These include constructing two mini-markets, one in Kabyaza village in Mukamira sector and the other in Rubyiniro village in Rurembo sector of Nyabihu district.
It is also constructing carrot washing station because farmers used to wash them in the rivers such as Nyamutukura, Kinoni, and lakes such as Karago, Nyirakigugu and Gihirwa in Nyabihu district. Besides, a solid waste treatment and management center is being built in Busogo sector of Musanze district to avoid dumping in such rivers which can trigger sedimentation and flooding.
A handcraft showing center is also being constructed to promote craftsmanship for the community as part of creating off-farm jobs.
Again the project is supporting 107 youth to afford vocation training which is also in line with entrepreneurship e development and creating off-farm jobs while generating income.
Creating off-farm jobs targets to increase beneficiary’scapacity to develop them as part of government target to create annual 200,000 off farm jobs.
More than Rwf515, 315,600 had been disbursed to the beneficiaries and 20,682 people had opened savings accounts in Umurenge SACCOs to build their financial capacity and creating jobs according to the project achievements report by January 2018.
Sustainability of project achievements
To manage the risks and effects of recurring floods, landslides and erosion through an integrated natural resource management in both districts, the project has constructed 11,090 check dams in the gullies, installed progressive terraces and re-planted agro forestry trees on steep slopes on 850.5 ha and bench terraces on 503ha.
It also rehabilitated 8.3 km of channels and reopened 20 caves in Mugogo low land with regular maintenance while it replanted bamboos and alnus trees on 120 ha of channels, river banks and lake shores.
Innocent Musabyimana, the coordinator of the Single Project Implementation unit at the Ministry of Environment said: “The project targeted north western region of Rwanda because it is prone to flooding and landslides due to heavy rainwater running off on hilly areas that are not protected. There is need of draining rainwater to avoid soil flooding and soil erosion as part OF adaptation measures to climate change disasters.”
He stressed that the measures must also go along with creating off-farm jobs for households vulnerable to disasters in those areas.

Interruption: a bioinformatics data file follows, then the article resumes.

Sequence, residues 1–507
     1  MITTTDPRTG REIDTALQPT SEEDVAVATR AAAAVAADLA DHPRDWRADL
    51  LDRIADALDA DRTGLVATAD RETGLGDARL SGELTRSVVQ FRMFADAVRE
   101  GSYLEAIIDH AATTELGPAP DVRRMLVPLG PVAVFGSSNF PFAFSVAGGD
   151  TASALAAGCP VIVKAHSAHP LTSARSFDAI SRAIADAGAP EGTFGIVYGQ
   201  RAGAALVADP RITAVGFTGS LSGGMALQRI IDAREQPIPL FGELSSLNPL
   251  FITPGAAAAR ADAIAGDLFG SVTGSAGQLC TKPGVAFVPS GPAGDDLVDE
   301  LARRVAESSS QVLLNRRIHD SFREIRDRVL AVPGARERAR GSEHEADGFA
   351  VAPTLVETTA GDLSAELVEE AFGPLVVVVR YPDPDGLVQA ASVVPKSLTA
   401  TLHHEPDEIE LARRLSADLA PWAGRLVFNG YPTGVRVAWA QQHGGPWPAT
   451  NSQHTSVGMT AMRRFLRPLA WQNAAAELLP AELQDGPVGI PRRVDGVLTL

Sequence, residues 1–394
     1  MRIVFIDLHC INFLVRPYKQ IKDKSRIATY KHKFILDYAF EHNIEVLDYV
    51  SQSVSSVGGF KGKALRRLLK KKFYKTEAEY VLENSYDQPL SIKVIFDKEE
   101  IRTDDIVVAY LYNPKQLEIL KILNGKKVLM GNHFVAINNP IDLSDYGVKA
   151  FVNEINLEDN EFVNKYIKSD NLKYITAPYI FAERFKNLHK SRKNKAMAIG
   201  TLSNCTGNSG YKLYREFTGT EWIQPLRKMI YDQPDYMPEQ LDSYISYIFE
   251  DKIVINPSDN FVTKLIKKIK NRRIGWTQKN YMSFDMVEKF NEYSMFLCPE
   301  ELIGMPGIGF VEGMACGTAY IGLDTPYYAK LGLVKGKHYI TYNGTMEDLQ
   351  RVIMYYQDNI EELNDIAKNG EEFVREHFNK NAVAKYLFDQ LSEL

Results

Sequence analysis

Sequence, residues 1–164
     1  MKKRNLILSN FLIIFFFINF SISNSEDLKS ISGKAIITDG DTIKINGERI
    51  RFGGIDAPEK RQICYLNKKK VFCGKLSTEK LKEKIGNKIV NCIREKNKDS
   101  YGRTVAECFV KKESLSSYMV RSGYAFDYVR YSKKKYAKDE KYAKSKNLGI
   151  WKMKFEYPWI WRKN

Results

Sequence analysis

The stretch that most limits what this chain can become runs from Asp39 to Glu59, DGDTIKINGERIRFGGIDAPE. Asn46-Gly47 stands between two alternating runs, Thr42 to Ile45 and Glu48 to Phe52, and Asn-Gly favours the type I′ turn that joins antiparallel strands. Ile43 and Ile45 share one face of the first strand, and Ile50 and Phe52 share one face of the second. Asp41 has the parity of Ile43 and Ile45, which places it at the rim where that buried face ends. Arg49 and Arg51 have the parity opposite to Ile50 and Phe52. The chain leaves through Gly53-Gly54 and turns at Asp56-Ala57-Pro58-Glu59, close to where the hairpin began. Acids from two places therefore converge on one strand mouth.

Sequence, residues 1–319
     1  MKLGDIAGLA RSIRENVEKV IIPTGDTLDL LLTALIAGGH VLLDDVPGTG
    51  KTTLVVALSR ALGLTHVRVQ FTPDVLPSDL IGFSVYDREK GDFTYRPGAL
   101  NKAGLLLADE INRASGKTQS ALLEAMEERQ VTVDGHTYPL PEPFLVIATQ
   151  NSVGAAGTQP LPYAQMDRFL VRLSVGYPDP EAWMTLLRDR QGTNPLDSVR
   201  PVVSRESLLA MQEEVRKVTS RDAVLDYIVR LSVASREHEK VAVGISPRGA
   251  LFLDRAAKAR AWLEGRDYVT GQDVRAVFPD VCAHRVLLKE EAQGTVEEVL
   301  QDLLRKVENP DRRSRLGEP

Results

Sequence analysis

“ This project is in line with Government has target of 30 % forest coverage of national total surface by 2020, protecting riverbanks, promoting irrigation, designing climate resilient projects and seeking funding for them. That is why what we achieved must be sustained and boost beneficiary’s development.” he added.
Xavier Rwibasira said, “Achievements of the project are at 94 per cent before closing in June this year. We need sustainability of the projects achievements. We urge the project beneficiaries to sustain the achievements since they are the primary to beneficiaries”.
The sustainability is needed to ensure adaptation to climate change impacts through integrated land and water management to support climate-resilient production and post-harvest systems.
The vice mayor in charge of economic development at Musanze district, Augustin Ndabereye added, “Protecting Mugogo low land from flooding has helped the district’s to perform well in performance contracts-imihigo of 2016/2017 to the extent that the district came second in Imihigo at national level. In collaboration with Musanze residents in General we will sustain the project results.”
Antoine Mugwiza, the Vice Mayor of Nyabihu district in Charge of Economic Development Affaires said beneficiaries will be grouped into cooperatives managing the executed infrastructures since they play a role in enhancing agriculture productivity of Irish potatoes and maize in the area and avoid degradation of other properties.
“In Jenda sector, erosion and flooding used to destroy crops, houses and even part of district premises. We are happy with the project that is responding to those disasters. The families resettled in the model village from high risk zones are now overjoyed and have been provided with cows. We need to ensure that such achievements are sustained.
We target youth supported in affording vocational training to exploit provided tool kits for their sustainable development” he said.
The RV3CBA Project is being implemented by the Ministry of Environment and it is executed by the Rwanda Water and Forestry Authority (RWFA) on a period of 4 years (2014-2018) with a financial support from Adaptation Fund by United Nations Framework Convetion on Climate Change (UNFCC).